But how well does all that work? How well can it work? Does the average Internet user understand all this enough to really tell whether something is real or fake? Will you notice that a URL of www.borgbank-login.com or www.b0rgbank.com (that's a zero in place of the letter o) isn't right? If the phishing site puts a padlock icon at the bottom of the web page, will you really notice that it's in the page content, not in the browser frame? Do you know the difference? Do you understand what the padlock means?

Harvard researcher Rachna Dhamija and her colleagues look at these and related questions in two excellent papers:

  1. Why Phishing Works, which was presented at CHI 2006 (or get the paper from Dr Dhamija's web site here), and
  2. The Emperor's New Security Indicators, which was presented at the 2007 IEEE Symposium on Security and Privacy (and also available here).

In “Why Phishing Works”, the researchers cloned a bunch of web sites, some real and some fake (phishing), and presented them to some volunteers, who were asked to determine which were real and which were not. They threw in some very well-faked sites, as well as some badly done real ones. They also had the volunteers answer some questions about what they did and what they thought it meant.

No one got them all right, and one fake site, using the URL www.bankofthevvest.com (note the double v replacing the w in “west”) fooled all but one participant, including all of the more savvy ones. What's more, the study showed that a major reason that phishing works is that most users are not only fooled by sophisticated techniques, but they don't understand enough about web site security to defend themselves against even “simple” or “obvious” — unsophisticated — techniques.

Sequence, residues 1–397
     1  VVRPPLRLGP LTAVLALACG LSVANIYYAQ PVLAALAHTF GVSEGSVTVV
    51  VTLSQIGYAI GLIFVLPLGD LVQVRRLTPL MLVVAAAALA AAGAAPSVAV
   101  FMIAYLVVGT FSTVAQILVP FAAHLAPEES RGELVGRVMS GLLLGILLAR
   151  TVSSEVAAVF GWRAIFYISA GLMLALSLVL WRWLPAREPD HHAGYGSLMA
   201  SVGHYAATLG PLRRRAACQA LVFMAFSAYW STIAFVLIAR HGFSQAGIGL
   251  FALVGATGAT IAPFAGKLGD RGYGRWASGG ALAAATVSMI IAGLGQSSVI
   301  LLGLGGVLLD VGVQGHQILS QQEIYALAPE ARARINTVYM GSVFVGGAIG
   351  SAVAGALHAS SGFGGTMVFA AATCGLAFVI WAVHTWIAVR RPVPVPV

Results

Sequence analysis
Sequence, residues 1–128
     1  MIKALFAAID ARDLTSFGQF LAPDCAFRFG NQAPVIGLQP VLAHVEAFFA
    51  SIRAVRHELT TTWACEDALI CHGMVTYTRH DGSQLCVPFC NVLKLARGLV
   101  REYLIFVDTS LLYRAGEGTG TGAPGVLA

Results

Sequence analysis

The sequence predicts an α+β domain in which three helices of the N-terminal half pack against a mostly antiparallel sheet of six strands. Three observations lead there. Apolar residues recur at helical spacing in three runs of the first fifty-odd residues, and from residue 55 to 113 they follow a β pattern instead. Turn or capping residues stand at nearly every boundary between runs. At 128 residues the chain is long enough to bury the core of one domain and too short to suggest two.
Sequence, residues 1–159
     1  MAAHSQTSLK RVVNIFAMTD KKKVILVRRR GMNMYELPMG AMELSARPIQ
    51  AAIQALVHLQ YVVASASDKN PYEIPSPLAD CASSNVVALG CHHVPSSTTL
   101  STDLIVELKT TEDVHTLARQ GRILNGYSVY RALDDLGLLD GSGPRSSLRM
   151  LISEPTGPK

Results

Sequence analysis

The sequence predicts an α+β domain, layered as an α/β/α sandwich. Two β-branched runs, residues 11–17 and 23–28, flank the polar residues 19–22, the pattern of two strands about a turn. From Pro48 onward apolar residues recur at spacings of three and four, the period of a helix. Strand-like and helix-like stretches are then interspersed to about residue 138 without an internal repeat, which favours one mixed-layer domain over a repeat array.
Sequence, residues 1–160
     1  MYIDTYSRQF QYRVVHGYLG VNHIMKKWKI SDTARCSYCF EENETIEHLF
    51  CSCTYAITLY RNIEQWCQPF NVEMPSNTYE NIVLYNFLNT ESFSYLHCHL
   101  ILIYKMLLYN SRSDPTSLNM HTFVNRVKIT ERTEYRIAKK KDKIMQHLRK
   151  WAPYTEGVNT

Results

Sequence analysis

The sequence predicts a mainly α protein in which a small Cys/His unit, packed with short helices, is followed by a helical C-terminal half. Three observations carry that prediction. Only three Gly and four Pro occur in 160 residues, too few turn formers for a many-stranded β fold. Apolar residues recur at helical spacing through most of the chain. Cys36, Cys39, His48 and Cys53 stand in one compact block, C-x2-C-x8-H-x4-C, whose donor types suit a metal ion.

Most users do not know what security certificates are or how they're used, and thus don't understand the meanings of the browser's popup warning about suspicious ones, nor the consequences of just clicking “accept” on the popups. They don't understand what the lock icons mean (and actually believe that an icon in the page content is a better security indicator than one in the browser frame). They don't even notice most of the security indications in the browser.

The second study gave similar results, this time asking the participants to go to a banking web site and perform some banking transactions. The participants were either given credentials to use while playing a role assigned to them, or asked to use their own accounts to log in. They were then presented a series of increasingly obvious security risks, to see when they would say, “No, something's wrong here, I'm not entering my password.”